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I am using the Django GZip middleware (django.middleware.gzip.GZipMiddleware) to compress content if the browser allows compression.

If the browser is Internet Explorer (MSIE) and the content is a Javascript file, then the middleware does not gzip the content. My understanding is that the middleware avoids compressing in this case because IE6 (without patches) has issues with gzipped responses.

For our site, we do not support IE6, but we do support IE7 and IE8. Considering that we do not support IE6, would it be best practice for us to gzip all javascript files even if the browser is IE?

If so, what is the best approach for getting these files gzipped? We would like to continue to use a Django middleware module for gzip. Should we make a copy of the gzip middleware module and edit the few lines that deal with IE and Javascript (this feels like we would be violating DRY)? Using Apache for gzip is also an option.

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See stackoverflow.com/questions/1456112/… –  stuartd Aug 3 '10 at 10:59

3 Answers 3

up vote 5 down vote accepted

Versions of IE6 that are affected by problems with gzip on JS/CSS are no longer in common circulation (and were a minority case even at the time). And Netscape 4 is long, long gone.

For this reason I would strongly recommend removing all extant User-Agent-sniffing gzip hacks. Send compressed HTML/JS/CSS to all browsers that request it (with Accept-Encoding), as per standard HTTP/1.1.

if "msie" in request.META.get('HTTP_USER_AGENT', '').lower():

Oh dear. That's a really poor test even by UA-sniffing's dismal standards. No checking that it's actually MSIE in the right place in the string (as opposed to anywhere in all the trailing bits; easy to get false positives), and it doesn't check for SV1 which was traditional for the gzip test (as IE6SP2+ versions cannot be affected by the bug), so it breaks compression for all IE which is just unnecessary.

It also doesn't set Vary: User-Agent, so proxies will cache the wrong version. And it sets Vary: Accept-Encoding for IE when not using Content-Encoding, so it'll break cacheing in IE.

Should we make a copy of the gzip middleware module and edit the few lines that deal with IE and Javascript (this feels like we would be violating DRY)?

You could, and maybe submit the patch to Django. Because their current approach is IMO simply broken.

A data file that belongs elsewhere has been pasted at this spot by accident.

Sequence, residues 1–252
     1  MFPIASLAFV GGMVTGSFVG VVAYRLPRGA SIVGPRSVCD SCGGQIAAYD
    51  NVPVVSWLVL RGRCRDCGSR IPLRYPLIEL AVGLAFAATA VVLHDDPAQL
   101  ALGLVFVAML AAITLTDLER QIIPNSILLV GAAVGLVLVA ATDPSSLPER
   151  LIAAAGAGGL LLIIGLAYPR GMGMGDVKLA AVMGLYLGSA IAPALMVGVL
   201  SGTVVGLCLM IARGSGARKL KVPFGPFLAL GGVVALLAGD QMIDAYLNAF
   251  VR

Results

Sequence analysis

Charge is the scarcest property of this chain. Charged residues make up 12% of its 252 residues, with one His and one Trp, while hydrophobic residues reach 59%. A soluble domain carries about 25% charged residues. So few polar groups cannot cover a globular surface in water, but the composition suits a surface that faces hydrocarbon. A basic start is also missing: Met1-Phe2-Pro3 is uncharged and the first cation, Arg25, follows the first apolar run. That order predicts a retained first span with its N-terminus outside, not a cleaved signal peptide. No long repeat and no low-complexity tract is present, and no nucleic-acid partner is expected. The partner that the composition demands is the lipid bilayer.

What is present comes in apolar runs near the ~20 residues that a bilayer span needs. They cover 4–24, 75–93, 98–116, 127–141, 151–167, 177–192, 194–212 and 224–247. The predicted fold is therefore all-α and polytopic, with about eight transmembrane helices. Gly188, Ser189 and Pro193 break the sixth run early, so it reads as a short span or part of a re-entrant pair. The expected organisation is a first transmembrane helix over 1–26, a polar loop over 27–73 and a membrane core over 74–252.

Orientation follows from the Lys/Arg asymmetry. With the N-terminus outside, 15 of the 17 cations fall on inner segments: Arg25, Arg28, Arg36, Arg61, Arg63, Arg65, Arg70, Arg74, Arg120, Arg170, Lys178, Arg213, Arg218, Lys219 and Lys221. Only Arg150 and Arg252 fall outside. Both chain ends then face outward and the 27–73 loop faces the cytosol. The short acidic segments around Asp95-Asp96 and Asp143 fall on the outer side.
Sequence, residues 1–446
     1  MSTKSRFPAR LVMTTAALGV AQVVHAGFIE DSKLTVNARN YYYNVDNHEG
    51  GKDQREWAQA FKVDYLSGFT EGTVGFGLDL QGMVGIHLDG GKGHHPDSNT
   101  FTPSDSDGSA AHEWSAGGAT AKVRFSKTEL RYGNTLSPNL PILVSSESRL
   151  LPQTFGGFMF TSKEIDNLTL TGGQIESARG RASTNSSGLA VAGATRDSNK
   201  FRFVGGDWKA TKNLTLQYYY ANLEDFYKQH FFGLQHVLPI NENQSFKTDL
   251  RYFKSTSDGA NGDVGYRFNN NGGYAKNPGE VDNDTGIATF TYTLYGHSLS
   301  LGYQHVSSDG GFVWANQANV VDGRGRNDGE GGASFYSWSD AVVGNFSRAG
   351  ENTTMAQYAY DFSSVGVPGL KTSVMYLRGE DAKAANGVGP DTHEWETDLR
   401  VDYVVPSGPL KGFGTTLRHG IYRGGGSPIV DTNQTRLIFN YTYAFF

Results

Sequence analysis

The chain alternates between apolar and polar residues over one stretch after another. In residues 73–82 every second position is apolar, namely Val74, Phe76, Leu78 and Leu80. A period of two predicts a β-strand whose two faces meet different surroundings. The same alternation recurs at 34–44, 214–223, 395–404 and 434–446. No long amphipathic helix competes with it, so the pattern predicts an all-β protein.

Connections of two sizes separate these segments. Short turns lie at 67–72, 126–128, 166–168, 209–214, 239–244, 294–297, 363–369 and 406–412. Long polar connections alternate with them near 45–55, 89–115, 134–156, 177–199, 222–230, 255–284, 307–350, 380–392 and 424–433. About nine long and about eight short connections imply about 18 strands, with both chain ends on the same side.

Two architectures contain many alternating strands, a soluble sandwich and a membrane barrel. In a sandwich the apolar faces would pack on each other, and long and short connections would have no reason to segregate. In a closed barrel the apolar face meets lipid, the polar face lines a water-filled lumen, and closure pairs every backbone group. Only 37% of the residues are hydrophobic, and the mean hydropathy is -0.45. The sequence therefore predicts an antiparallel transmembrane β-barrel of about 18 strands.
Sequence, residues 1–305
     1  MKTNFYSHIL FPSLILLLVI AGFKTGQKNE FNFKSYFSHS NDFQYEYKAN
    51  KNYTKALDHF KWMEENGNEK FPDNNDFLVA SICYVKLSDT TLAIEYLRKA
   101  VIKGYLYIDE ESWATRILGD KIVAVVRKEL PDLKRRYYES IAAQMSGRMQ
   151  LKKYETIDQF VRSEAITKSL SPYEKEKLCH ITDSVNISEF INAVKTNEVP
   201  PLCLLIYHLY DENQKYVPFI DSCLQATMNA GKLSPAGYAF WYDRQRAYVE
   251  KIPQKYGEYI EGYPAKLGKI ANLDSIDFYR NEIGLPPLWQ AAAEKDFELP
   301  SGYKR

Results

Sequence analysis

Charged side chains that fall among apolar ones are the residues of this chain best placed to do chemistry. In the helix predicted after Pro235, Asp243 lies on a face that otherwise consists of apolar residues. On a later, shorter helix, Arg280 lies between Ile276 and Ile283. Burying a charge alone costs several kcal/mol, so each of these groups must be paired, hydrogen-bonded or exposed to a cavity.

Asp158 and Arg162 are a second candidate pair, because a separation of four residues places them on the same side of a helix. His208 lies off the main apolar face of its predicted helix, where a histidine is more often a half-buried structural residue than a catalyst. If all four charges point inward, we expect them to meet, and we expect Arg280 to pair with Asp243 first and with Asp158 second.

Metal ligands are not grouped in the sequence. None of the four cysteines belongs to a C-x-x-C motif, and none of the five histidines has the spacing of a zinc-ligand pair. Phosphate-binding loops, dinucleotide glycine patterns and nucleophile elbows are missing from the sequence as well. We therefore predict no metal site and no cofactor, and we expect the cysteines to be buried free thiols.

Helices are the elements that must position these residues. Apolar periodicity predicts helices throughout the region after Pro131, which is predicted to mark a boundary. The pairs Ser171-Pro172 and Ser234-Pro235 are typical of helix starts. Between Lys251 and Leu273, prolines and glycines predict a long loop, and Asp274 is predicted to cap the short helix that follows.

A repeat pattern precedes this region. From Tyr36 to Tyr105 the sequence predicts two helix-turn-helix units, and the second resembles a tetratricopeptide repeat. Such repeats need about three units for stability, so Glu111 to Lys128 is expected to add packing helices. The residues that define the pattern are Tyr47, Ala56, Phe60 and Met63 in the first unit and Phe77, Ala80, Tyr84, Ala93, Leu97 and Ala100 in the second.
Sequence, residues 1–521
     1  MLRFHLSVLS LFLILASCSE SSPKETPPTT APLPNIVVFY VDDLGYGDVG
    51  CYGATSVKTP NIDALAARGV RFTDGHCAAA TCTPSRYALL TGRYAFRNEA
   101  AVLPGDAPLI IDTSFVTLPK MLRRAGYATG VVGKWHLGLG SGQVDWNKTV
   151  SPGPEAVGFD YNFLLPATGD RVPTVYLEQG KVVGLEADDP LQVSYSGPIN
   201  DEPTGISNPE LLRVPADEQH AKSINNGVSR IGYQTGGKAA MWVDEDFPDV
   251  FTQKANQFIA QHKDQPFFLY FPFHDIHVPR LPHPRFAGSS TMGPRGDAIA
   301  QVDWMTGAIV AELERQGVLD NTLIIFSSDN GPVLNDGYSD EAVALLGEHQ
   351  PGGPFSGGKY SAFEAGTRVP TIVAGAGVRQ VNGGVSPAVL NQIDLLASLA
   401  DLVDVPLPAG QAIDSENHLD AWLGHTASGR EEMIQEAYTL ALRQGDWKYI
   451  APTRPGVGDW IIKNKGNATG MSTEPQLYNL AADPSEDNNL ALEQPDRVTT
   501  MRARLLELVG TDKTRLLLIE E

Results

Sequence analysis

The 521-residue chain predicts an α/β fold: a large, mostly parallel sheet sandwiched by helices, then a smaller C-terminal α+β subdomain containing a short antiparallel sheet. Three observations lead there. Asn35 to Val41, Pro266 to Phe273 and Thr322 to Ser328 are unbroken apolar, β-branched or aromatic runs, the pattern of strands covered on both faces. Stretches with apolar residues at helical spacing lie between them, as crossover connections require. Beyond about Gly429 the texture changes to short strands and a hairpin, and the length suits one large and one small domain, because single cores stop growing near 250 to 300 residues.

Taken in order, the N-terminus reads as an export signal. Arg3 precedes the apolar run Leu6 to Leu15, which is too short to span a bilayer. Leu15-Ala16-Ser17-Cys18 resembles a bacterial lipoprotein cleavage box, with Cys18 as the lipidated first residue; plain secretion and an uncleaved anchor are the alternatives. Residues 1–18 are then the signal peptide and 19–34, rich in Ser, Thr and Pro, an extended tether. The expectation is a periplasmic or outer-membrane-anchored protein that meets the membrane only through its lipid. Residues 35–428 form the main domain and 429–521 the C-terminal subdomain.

Using Apache for gzip is also an option.

Yes, if you've got Apache upstream definitely use that (eg. with mod_deflate). It's most efficient if you can use it to serve static files like scripts too. (Try to keep your JS in static scripts rather than generating/templating on-the-fly.)

Again, don't use the browser-sniffing rules mentioned on the mod_deflate page. They're fragile and ugly, and are trying to code around a Netscape problem that has affected no-one in the last decade.

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It most certainly would be advisable to use compression wherever possible yes. Bear in mind though that some browsers are fussy when it comes to compression. If you have the ability to use a .htaccess file on your hosting space, a simple conditional check for browsers can do wonders, like so:

    </IfModule>

    <IfModule mod_deflate.c>
        AddOutputFilterByType DEFLATE text/html
        AddOutputFilterByType DEFLATE text/plain
        AddOutputFilterByType DEFLATE text/xml
        AddOutputFilterByType DEFLATE text/css
        AddOutputFilterByType DEFLATE text/javascript
        AddOutputFilterByType DEFLATE application/xhtml+xml
        AddOutputFilterByType DEFLATE application/javascript
        AddOutputFilterByType DEFLATE application/x-javascript
        AddOutputFilterByType DEFLATE application/json
        AddOutputFilterByType DEFLATE application/xml
        AddOutputFilterByType DEFLATE application/rss+xml
        AddOutputFilterByType DEFLATE application/rdf+xml
        AddOutputFilterByType DEFLATE application/atom+xml

        #Netscape 4.x has issues, sort them out...

        BrowserMatch ^Mozilla/4 gzip-only-text/html
        BrowserMatch ^Mozilla/4\.0[678] no-gzip
        Browser

Match \bMSIE !no-gzip !gzip-only-text/html
</IfModule>

First we check to see if the module is enabled, set our compression options, and lastly sort out all those bad browsers!

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Since "Django itself doesn’t serve static (media) files", it would seem that the best practice would be to have Apache (or Nginx, Cherokee, or lighttpd) handle the gzip compression of javascript files.

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